It appears that the use of the TSP is very limited in the medical device arena. The TSP offers higher quality, better schedule predictability, and increased productivity – so why aren’t more people using it? The reasons are not so clear.

Informal shows-of-hands at conferences, where TSP presentations have been given, show very little awareness of the TSP by the medical device community. One of the purposes of this series of articles is to raise awareness of the TSP as a leading software development method available for the medical device community to leverage, and to encourage people to take a look.

Some organizations already have process or quality improvement initiatives in progress and are reluctant to move away from these efforts. TSP is very flexible and can easily be integrated into and supplement existing efforts.

It is human nature to assume that more structured processes with more steps might take longer. As discussed earlier, this is typically not true at all with TSP teams (Figure 7).

TSP/PSP and Agile

Some organizations have implemented Agile methods. TSP/PSP and Agile can be a strong combination. According to McHale, “When you investigate the details, you will see that these two methods at least, Agile and PSP/TSP, are not the options of an either-or choice, but compatible practices that have produced some remarkable results.” “What they may not know (yet) is that Agile co-exists quite comfortably – one might even say “thrives” – when applied with PSP/TSP”.6 With the recent release of the “Guidance on the use of AGILE practices in the development of medical device software,” this could be the perfect marriage.7

Is the TSP for you?

  • How well do your teams produce reliable schedules?
  • What are your current levels of defects found in software system test?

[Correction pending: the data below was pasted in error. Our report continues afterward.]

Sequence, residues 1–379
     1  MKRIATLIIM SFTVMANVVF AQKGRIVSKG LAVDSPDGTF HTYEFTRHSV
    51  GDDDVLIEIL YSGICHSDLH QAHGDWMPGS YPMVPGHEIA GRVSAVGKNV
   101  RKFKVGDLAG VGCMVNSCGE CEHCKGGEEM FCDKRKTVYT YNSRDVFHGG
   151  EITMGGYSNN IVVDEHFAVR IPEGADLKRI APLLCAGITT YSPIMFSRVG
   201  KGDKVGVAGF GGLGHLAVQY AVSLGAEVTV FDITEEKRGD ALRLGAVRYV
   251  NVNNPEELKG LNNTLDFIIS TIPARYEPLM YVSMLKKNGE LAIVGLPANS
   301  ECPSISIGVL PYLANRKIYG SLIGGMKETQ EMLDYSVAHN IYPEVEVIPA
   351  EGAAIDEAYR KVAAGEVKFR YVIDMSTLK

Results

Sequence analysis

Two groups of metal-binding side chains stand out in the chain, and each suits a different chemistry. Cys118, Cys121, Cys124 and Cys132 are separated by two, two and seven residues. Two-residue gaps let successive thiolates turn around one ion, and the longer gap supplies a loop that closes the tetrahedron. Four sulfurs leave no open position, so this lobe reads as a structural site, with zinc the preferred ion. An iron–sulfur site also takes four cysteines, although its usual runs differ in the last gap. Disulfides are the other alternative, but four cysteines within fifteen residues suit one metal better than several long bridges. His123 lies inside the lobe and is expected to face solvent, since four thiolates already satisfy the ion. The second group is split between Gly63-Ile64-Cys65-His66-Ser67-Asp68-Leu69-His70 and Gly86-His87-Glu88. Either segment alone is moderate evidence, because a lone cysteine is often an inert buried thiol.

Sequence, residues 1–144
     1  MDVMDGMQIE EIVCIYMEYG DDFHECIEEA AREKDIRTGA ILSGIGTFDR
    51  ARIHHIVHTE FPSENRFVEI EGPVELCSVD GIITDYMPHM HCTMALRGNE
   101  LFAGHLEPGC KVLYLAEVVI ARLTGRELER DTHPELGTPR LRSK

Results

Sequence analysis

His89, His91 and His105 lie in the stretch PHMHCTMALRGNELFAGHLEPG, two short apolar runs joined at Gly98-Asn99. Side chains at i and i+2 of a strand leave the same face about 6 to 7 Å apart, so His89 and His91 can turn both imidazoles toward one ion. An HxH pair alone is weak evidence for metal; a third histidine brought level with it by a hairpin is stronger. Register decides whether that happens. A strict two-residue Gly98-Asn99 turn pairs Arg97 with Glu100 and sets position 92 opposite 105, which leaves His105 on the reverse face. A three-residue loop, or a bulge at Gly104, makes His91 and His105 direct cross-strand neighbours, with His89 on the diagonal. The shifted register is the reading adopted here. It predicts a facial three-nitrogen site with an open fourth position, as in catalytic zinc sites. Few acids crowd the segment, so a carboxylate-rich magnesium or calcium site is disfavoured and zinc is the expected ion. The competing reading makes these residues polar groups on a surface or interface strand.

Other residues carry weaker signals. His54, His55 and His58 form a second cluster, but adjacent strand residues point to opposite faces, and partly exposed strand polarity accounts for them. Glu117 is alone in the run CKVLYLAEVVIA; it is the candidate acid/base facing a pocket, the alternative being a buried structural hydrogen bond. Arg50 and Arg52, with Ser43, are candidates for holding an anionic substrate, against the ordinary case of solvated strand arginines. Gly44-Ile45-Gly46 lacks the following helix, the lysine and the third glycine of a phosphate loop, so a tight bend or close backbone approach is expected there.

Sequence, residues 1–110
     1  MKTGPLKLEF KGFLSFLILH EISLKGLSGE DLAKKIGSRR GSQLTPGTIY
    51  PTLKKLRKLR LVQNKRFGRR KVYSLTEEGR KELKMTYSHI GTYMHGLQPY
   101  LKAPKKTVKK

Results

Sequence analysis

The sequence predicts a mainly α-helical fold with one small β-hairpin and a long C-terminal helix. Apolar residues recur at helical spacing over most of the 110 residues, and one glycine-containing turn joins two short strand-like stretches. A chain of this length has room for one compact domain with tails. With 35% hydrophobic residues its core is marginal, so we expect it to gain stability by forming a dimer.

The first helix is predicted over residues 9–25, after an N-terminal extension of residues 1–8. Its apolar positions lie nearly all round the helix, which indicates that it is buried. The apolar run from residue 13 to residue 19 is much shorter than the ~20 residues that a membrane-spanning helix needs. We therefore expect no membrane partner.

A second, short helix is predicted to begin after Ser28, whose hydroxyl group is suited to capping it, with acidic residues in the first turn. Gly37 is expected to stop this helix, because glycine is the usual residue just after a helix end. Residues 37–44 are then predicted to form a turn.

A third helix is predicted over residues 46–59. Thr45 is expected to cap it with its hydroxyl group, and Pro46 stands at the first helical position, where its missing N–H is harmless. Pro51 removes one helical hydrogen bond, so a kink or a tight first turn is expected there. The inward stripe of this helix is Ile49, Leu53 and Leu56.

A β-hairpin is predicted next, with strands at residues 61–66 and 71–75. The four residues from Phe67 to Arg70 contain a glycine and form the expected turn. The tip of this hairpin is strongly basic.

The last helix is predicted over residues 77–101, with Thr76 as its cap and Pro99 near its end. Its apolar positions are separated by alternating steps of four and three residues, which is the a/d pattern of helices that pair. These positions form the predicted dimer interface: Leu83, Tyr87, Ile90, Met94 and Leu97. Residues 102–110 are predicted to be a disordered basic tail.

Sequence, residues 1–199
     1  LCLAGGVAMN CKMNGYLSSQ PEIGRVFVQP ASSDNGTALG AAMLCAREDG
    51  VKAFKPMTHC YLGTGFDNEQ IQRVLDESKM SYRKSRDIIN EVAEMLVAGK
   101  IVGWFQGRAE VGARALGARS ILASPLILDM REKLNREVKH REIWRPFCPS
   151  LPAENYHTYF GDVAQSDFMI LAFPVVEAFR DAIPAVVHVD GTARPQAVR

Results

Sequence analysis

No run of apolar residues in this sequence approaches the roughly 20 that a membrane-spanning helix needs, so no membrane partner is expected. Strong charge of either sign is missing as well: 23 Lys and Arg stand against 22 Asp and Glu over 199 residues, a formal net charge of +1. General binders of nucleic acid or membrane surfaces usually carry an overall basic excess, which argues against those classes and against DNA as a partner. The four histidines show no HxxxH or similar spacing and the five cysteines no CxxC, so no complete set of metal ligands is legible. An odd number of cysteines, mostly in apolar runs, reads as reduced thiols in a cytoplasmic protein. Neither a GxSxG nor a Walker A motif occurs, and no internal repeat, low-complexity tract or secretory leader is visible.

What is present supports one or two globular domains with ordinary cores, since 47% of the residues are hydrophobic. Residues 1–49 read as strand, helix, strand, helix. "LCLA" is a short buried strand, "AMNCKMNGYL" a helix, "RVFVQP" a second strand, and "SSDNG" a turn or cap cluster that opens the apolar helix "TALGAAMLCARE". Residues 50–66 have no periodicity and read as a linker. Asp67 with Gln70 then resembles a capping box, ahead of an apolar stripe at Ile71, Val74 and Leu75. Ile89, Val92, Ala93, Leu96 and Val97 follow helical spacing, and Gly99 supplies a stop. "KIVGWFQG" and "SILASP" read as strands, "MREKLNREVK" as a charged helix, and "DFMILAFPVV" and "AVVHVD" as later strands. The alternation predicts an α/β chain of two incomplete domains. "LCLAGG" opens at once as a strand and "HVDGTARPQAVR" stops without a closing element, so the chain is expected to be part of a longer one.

• How many defects do your customers report?
  • How many customer-reported defects result in adverse events reportable to the Food and Drug Administration?
  • What would your world be like if you:
    • Could reliably estimate the completion date of a project?
    • Could significantly reduce the number of defects found in software system test?
    • Could significantly reduce the number of defects found by your customers?
  • What would this ultimately mean to patient safety?

References

  1. Jones, C. (2010). Software Engineering Best Practices: Lessons from Successful Projects in the Top Companies, McGraw-Hill.
  2. National Medal of Technology Winner Watts Humphrey (2010). 1927-2010 (Software Engineering Institute, Carnegie Mellon University, University News Items, October 28, 2010).
  3. Humphrey, W.S., Chick, T.A., Nichols, W., and Pomeroy-Huff, M. (July 2010) Team Software Process (TSP) Body of Knowledge. SEI Technical Report CMU/SEI-2010-TR-020.
  4. Over, J. (2010). Team Software Process, (Software Engineering Institute, Carnegie Mellon University).
  5. Over, J. (2010). Introduction to the Team Software Process, (Software Engineering Institute, Carnegie Mellon University).
  6. McHale, J. (2010). Capers Jones’s New Book Ranks PSP/TSP and Agile as Top Method. (Carnegie Mellon University).
  7. Guidance on the use of AGILE practices in the development of medical device software. (2012).  Association for the Advancement of Medical Instrumentation, Arlington: Virginia.

Additional Resources

Humphrey, W.S. and Over, J.W. (2011). Leadership, Teamwork, and Trust: Building a Competitive Software Capability. Addison-Wesley.

Special permission to reproduce portions of the “Team Software Process” ©2010 and the “Introduction to the Team Software Process” ©2010 by Carnegie Mellon University, has been granted by the Software Engineering Institute. The Personal Software Process(SM), PSP(SM), Team Software Process(SM), and TSP(SM) are service marks of Carnegie Mellon University.

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Carl Wyrwa, founder, CW Software Solutions